Nov 15, 2011 00:46 |  #4

RafaPolit wrote in post #13401015 (external link)
Friends,

The title may sound absurd, but bare with me for a second ;). I was today at a concert and was wondering about the light, knowing that it decays with distance and thinking about the scene in general, and then... a doubt jumped at me:
- The light coming from a light bulb, a flash, the sun, etc. decays with the distance. We all (or I assume most :) ) know that. But...
- After it hits an object and reflects (which is the light our eyes, or the sensor finally sees) does it still decay? The probably obvious answer is that it does still decay once it is reflected from a surface. Therefore, and this is my question:

If I am on a concert on a row 200 feet away, would I need to expose my frame 2 stops brighter than a fellow that is in a row 100 feet away? And the person 50 feet away could get with 4 stops faster shutter than me. Is this correct? It doesn't seem that way! It would seem logical that everyone needs to expose with the same exposure, yet, the light is still traveling... my sensor can only 'see' what enters the lens and that light is loosing strength with the distance.

So... what am I missing? What am I overlooking here? Does any of this makes sense or does anybody even care about such things or am I, as I have long suspected, a nerd! :) .

Thanks for any input,
Rafa.

The Inverse square law says that if you double the distance between the light source and the surface it is reflecting off, the light intensity drops to a quarter. Think of it like this:

If you have a light source that is aimed at the wall, it will light up a certain area of that wall. Let's say it lights up a square one foot high by one foot wide. That's an area of one square foot. If you move the light source away and double the distance between it and the wall, then the light is now shining a square that is two feet high and two feet wide. This is four square feet in area. So each square foot is now receiving a quarter of the light that the original square received.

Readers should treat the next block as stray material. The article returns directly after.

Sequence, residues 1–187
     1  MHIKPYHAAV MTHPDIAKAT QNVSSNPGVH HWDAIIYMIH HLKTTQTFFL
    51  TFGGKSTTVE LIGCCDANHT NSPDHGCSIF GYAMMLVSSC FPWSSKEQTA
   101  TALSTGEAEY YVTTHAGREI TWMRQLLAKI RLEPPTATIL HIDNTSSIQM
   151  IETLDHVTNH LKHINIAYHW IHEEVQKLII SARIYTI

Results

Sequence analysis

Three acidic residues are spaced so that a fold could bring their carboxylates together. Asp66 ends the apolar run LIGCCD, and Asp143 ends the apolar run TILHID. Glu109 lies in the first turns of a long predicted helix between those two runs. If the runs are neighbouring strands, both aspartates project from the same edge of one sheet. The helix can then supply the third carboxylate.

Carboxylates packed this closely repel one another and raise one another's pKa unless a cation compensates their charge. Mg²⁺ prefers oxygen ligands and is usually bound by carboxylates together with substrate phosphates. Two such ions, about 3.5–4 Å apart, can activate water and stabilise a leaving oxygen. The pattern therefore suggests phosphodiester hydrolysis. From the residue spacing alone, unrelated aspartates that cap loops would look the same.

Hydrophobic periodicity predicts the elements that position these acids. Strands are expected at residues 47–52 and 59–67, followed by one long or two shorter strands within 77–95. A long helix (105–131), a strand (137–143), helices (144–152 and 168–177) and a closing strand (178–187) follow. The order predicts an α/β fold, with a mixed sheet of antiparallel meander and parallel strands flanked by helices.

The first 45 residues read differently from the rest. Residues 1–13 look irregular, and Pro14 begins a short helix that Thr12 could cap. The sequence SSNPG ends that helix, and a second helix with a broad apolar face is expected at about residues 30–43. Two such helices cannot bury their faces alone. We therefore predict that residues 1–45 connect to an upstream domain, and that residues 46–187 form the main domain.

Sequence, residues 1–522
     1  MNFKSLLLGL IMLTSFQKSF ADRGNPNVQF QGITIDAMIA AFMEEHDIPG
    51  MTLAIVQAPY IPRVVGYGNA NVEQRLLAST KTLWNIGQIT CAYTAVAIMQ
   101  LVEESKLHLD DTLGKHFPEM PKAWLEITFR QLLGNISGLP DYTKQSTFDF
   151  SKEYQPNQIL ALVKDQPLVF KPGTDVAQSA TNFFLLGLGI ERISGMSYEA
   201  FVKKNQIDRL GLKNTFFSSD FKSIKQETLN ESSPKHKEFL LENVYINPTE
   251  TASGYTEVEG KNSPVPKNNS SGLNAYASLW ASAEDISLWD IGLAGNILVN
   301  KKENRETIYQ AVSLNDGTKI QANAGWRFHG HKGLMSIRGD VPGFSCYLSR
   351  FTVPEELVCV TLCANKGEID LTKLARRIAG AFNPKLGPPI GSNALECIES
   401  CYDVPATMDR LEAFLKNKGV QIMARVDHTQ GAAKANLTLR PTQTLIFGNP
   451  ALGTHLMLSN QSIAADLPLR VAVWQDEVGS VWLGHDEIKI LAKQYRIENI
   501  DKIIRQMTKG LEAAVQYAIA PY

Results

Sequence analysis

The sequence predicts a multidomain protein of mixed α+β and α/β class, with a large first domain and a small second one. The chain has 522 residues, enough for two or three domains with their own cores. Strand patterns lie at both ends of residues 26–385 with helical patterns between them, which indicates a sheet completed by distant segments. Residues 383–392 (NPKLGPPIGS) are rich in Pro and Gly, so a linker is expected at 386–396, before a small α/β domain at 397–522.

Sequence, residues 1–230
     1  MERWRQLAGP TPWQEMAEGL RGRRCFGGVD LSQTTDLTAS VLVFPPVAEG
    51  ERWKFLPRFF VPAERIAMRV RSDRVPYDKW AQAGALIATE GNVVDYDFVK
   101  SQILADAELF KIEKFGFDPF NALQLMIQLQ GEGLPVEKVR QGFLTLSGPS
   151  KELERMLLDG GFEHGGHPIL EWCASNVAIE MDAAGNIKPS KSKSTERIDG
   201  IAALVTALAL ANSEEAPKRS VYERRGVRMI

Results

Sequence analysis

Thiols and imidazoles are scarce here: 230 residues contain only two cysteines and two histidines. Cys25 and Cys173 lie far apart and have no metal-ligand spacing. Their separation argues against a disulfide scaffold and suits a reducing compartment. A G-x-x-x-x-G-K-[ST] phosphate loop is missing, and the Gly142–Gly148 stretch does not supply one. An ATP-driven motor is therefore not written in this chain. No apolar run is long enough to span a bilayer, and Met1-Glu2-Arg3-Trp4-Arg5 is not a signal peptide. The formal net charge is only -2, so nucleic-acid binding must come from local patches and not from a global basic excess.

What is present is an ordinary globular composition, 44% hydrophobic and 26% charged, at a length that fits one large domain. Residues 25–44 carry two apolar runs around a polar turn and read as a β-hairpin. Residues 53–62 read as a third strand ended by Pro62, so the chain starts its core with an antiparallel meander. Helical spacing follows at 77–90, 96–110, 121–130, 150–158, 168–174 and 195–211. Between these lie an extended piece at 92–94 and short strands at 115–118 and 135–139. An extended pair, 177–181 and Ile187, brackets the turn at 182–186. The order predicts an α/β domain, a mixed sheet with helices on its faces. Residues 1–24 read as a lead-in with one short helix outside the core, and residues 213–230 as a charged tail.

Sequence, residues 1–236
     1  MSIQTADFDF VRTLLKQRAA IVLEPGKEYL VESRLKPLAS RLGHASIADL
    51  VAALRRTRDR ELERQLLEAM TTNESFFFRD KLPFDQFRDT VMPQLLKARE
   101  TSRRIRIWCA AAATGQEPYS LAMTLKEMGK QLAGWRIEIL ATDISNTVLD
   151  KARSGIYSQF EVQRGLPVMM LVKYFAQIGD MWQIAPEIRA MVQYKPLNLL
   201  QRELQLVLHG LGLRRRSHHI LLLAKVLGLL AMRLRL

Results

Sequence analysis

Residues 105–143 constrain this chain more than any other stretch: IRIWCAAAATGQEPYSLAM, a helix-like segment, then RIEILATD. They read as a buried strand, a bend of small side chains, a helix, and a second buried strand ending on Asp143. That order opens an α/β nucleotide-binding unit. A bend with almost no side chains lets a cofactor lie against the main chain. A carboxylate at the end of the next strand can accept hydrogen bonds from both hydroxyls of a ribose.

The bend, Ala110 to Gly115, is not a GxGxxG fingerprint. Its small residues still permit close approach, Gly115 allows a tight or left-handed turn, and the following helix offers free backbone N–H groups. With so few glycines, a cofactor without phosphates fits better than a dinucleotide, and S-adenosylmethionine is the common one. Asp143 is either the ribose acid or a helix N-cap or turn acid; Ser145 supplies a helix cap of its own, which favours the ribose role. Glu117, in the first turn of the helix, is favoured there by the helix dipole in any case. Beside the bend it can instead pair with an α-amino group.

Once the light reflects off the wall, it is subject to the inverse square law again. The wall reflecting the light is now acting as a light source (as far as the camera or your eyes are concerned) because any photons you see are coming from the wall.

So it's amazing flash photography works at all.

However, since the non-lit part of the wall also has its distance to the camera variable by the same amount (in other words, if you change your distance to the lit part of the wall, you change your distance to the unlit part of the wall as well), the ration of light coming from the lit part to the unlit part remains the same, so you won't see any changes between them. The lit part will always appear twice as bright as the unlit part, for example.

Not quite sure how it applies to the situation you described. I propose that a series of experiments be conducted to find out!


My photography website!PHOCAL PHOTOGRAPHY (external link)

  
  LOG IN TO REPLY
krb
Cream of the Crop
Avatar
8,818 posts
Likes: 7
Joined Jun 2008
Location: Where southern efficiency and northern charm come together
     
Nov 15, 2011 01:00 |  #5

RafaPolit wrote in post #13401149 (external link)
I thank you for the link, but I fail to see how that answers or confirms my question / suspicion.